All writing tools are not created equal.
Nor should they be.
But the writing tool must certainly meet the writing goal. One of the more flexible and productive, albeit complex tools, is a program called Scrivener. I can’t say enough about this tool, but what I can say is that it is certainly worth the price I paid for it. I do not guarantee it’s right for you, and if you’re looking for a simple, straight-forward text editor, this is certainly not for you. But if you plan to move into self-publishing or maybe you’re already there and are wondering as you make your way through your manuscript what you’ll do with all those words one you finish the last chapter, then it’s certainly worth considering. Multi-featured. Smart. Plenty of documentation. I took an online class to help me understand its ins and outs and highly recommend doing so to avoid time-consuming workarounds and frustration.
The height of cultivation always runs to simplicity.
Even if it’s a funny name, and I have no idea if Hog Bay is near the Bay of Pigs, it has a certain Claustrom ring to it. In the early days of computing, those who remember or care to consult their archives will recall the Wang platform, which set the standard for business, typesetting and word processors. Its black background and green typeface put me into a world without formatting, ads, status updates, all of which interrupt the focus of writing fundamentals, word use and sentence construction.
Yes, it’s a retro feel, and it’s not for everyone, but it’s a bit easier on my eyes than the bright whites of today’s WYSIWYG displays, and its basic text limitations come in handy when cutting and pasting.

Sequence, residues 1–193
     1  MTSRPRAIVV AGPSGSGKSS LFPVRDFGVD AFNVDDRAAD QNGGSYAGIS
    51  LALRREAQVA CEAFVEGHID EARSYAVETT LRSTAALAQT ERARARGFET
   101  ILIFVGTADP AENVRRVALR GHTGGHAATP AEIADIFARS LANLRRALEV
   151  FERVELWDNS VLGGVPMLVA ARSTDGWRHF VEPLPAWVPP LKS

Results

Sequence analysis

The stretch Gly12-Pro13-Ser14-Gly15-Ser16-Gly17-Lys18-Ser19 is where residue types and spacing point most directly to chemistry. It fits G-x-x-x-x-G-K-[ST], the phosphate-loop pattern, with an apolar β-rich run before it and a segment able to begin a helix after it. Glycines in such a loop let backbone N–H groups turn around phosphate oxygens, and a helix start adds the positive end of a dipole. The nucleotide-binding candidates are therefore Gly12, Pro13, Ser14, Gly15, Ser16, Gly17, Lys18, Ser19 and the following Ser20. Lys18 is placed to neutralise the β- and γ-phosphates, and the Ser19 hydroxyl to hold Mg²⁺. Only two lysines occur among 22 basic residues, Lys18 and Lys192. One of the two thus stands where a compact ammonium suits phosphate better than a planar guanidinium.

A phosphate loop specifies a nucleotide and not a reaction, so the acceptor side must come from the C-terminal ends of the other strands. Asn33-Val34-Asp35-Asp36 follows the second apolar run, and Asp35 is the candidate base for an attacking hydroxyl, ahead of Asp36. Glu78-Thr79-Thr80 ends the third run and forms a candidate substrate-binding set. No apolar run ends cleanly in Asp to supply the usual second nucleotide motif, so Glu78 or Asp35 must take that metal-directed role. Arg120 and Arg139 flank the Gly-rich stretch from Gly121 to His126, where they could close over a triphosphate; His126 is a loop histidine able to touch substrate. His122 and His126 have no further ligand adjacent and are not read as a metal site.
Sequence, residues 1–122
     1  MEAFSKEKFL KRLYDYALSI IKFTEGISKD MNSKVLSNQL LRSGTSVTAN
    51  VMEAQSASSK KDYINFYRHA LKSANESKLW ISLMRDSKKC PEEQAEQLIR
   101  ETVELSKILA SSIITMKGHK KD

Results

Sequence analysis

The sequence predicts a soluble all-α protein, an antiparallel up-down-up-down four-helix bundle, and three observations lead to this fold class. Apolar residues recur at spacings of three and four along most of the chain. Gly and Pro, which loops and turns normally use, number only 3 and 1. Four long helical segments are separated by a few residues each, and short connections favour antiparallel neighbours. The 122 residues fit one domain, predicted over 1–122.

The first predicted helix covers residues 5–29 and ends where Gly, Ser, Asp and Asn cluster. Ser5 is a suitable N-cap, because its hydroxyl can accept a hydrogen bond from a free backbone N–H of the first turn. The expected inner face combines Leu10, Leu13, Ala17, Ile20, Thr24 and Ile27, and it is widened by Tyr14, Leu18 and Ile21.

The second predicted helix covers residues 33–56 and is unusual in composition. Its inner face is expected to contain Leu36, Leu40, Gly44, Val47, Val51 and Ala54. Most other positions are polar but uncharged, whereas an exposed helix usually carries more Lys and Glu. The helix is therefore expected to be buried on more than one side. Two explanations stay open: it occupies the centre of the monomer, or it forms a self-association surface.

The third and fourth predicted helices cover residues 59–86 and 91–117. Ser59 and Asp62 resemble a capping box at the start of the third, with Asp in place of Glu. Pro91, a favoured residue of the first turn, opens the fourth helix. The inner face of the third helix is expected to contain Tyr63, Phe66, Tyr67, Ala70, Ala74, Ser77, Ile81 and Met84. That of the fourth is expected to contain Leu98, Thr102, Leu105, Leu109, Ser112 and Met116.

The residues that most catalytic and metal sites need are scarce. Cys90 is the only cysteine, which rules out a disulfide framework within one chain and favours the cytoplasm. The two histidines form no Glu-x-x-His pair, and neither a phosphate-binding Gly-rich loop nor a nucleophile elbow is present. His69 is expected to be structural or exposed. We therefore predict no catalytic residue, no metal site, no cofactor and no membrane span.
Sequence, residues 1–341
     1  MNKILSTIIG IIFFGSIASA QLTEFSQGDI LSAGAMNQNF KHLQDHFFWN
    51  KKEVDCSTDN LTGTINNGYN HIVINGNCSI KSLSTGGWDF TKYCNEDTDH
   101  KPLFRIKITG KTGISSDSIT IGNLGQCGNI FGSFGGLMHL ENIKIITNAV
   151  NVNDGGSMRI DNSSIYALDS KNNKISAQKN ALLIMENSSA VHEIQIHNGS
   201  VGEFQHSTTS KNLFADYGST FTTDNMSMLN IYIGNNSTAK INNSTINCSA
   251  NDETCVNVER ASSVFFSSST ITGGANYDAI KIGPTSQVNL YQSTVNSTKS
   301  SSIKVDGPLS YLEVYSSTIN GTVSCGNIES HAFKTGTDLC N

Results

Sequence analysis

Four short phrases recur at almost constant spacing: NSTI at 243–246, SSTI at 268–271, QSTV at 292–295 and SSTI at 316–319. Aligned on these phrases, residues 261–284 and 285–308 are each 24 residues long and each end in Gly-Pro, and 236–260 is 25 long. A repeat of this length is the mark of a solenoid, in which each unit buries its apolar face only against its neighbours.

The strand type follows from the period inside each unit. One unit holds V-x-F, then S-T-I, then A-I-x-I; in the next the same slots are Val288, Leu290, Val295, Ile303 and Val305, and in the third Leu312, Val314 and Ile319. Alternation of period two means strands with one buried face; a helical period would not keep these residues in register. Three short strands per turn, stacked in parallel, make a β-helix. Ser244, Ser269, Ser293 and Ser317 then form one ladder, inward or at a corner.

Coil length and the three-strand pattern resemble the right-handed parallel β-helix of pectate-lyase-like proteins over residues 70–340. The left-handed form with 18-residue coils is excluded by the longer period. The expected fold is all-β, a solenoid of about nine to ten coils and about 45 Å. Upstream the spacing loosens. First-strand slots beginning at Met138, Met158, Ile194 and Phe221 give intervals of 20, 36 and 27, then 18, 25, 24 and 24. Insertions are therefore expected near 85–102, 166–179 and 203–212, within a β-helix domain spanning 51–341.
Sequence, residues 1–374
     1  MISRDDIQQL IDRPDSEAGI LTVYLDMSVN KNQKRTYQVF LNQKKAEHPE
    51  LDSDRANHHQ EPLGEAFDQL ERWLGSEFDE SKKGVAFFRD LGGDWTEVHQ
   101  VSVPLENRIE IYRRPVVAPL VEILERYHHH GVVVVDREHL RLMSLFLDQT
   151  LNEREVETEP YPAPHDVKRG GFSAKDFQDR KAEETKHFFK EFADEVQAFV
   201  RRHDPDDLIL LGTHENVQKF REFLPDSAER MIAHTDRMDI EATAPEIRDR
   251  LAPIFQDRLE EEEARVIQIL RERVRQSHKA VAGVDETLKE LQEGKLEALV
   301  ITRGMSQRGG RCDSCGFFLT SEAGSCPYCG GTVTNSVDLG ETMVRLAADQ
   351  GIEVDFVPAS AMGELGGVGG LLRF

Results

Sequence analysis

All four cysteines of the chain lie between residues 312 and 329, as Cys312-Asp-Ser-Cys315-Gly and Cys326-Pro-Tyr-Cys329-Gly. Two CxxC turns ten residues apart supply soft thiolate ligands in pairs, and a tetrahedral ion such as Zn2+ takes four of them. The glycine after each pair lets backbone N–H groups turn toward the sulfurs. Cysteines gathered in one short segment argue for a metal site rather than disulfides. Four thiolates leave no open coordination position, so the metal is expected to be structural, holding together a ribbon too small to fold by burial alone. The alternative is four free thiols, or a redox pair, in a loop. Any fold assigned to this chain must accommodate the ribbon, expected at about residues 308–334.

Stephen King likes to relate the story of his earlier days of writing which he would spend hours upstairs in his house on his very own Wang computer. He jokes that when his wife would answer the door during his writing sessions, she’d tell the guests that Stephen was “upstairs pounding on his Wang.”
I’m not alone. Many similiar programs are now available both as stand-alone programs like Darkroom for PCs and as web-based software like “Writer,” where you register for free access to the program. Even those addicted to MSWord have the option of formatting documents with this theme. I like to do this at work, both for composing and for the priceless look on co-workers faces.
“What HAPPENED to your computer????”
And that’s it.
In truth, you don’t need either of these to be a writer. You need discipline, focus and a vision. If you have a computer, you have software that is capable of capturing, saving and outputting words. If you have a notebook and a pencil, or a finger and some sand, or a voice and a tape recorder–or tapeless recorder–you have the capability.
This is just what I use–what I’ve found that works for me. Brother Rob uses a number of different platforms, including the well-featured (and free) collaboration software, Google Docs.
In the end, the writing solutions are not in the software, but as the school nurse likes to say, “all in your head.”